The winter driving refresher we were offered at the beginning of our 30 hour Ford adventure yielded some important tips. I learned helpful things from professional race car driver and instructor Robin Buck, like turning off your traction control system if you get stuck in snow, to reduce spinning. As far as winter tires go, in our climate they’re a must-have, says Robin; he also told us that the average driver gets a flat tire every 80,000 km – have you beaten the odds, as I have?

Despite decades of driving, I learned a lot at the  outset of our trip. Time to review winter driving info with the rest of my family!

Despite decades of driving, I learned a lot at the outset of our trip. Time to review winter driving info with the rest of my family and make sure we have a proper emergency kit in each vehicle.

As our group headed off to Mont Tremblant, I was in the midsize hybrid 2015 Ford Fusion Energi; it’s a comfortable car loaded with some advanced features including Active Park Assist. This technology uses a series of sensors to help you locate a suitable sized parking space and line your car up to prepare for parallel parking. The freaky part comes next: you put the car in reverse, take your HANDS OFF THE STEERING WHEEL (all caps because that’s what my brain was going through when I tried it out) and the car steers itself perfectly into the slot, with just a little help from your foot on the gas and brake. While I, as an urbanite, have learned to embrace parallel parking, I expect people who go to great lengths to avoid parallel parking (you know who you are) will love this technology and yes, I really can see it reviving the joy of driving for the parking-averse.

See that great parallel parking job? The Ford pretty much parked itself, thanks to Active Park Assist - it was amazing. And driving that sweet 6-speed Mustang was pretty awesome.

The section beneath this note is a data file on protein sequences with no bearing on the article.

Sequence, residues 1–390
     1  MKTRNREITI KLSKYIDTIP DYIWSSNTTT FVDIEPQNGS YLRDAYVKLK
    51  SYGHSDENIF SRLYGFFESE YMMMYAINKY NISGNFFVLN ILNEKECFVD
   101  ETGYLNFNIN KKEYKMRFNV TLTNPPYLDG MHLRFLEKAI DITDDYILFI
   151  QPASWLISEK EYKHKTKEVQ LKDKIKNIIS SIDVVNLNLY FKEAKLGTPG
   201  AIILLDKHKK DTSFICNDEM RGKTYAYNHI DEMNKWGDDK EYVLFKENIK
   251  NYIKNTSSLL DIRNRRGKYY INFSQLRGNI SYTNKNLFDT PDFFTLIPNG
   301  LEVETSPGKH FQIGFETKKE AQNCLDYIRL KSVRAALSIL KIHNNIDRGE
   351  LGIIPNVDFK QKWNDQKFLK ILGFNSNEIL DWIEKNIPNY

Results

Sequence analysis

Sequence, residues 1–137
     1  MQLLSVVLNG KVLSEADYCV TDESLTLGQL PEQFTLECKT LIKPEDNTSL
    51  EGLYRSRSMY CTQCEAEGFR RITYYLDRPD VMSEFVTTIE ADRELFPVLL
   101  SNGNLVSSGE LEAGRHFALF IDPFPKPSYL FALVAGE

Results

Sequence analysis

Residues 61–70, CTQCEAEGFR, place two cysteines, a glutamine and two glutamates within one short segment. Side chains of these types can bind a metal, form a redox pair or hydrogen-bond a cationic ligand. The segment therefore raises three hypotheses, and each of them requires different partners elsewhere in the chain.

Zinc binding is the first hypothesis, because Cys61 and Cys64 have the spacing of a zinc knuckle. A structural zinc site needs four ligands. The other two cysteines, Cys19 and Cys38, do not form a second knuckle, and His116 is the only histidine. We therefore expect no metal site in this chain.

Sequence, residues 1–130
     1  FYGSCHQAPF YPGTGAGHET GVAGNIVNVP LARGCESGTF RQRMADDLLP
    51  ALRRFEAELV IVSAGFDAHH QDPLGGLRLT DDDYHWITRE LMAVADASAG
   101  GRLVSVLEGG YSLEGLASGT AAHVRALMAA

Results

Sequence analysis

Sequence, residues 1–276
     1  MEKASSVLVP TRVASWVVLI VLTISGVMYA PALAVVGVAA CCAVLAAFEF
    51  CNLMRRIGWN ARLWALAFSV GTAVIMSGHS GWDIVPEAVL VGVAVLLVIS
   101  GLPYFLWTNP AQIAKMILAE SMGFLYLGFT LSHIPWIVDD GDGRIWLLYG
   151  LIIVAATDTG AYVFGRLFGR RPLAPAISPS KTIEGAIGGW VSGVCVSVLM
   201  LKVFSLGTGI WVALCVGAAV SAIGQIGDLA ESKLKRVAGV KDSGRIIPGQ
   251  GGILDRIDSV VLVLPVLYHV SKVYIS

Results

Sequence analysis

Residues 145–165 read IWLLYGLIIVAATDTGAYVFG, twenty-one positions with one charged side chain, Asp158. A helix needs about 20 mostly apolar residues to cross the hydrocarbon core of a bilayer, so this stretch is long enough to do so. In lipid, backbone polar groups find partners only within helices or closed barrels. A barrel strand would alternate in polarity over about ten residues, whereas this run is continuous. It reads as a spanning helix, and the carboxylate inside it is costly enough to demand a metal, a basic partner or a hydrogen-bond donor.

See that great parallel parking job? The Ford pretty much parked itself, thanks to Active Park Assist – it was amazing. And driving that sweet 6-speed Mustang was pretty awesome.

After having the parking technology completely blow my mind, I enjoyed getting behind the wheel of a snazzy 6 speed, manual transmission Mustang and taking it for a spin. I hadn’t driven standard in about 3 decades so I was a little nervous when JR Fortin, another race car driver/instructor, welcomed me into the vehicle. It turns out he must moonlight as a therapist because not only did he offer the perfect coaching for a successful session, he actually restored my confidence in that delicate clutch/gas/brake dance.

The luxurious Hotel Quintessence was the ideal spot for a physical and mental recharge.

The luxurious Hotel Quintessence was the ideal spot for a physical and mental recharge.

Autos aside, the rest of the back-to-basics program revolved around simple pleasures. The luxurious Hotel Quintessence on Lac Tremblant really knows how to pamper. Meals showcased Quebec foods, expertly prepared by Chef Georges Laurier’s kitchen (I still miss his Laurier sur Montcalm restaurant in Gatineau).

From first bite (and sip) to last, everything I tasted at Hotel Quintessence was superb. Plus, you have to love a spot that gives you TWO creme brulees for dessert!

From first bite (and sip) to last, everything I tasted at Hotel Quintessence was superb. Plus, you have to love a spot that gives you TWO creme brulees for dessert!

Sommelier Sophie Huberdeau also led us through a lovely wine tasting, pairing several exceptional bottles from their vast cellar with outstanding Quebec cheeses. Saturday evening ended with a very back-to-basics experience: making gourmet s’mores outdoors over a roaring fire while snow fell softly all around us.

Making gourmet s'mores over a campfire as snow was falling was the perfect way to end our 'back to basics' day.

Making gourmet s’mores over a campfire as snow was falling was the perfect way to end our ‘back to basics’ day.

It was perhaps the final two activities on Sunday morning which left the most profound impact on me. First was an extraordinary tea tasting with the knowledgeable and serene Marc-André Latour of L’essence du thé, who revealed so much about the ancient art of tea cultivation and brewing. I learned that it takes seven pounds of tea leaves to produce one pound of dried tea and that some truly lovely teas have kickass names like Black Dragon and Iron Goddess of Mercy. I also learned more about the ideal brewing proportions and temperatures. I am seriously rethinking my morning tea ritual now.

Taking time to truly savour some quality teas has encouraged me to make more of this ritual in my daily life.

Taking time to truly savour some quality teas has encouraged me to make more of this ritual in my daily life.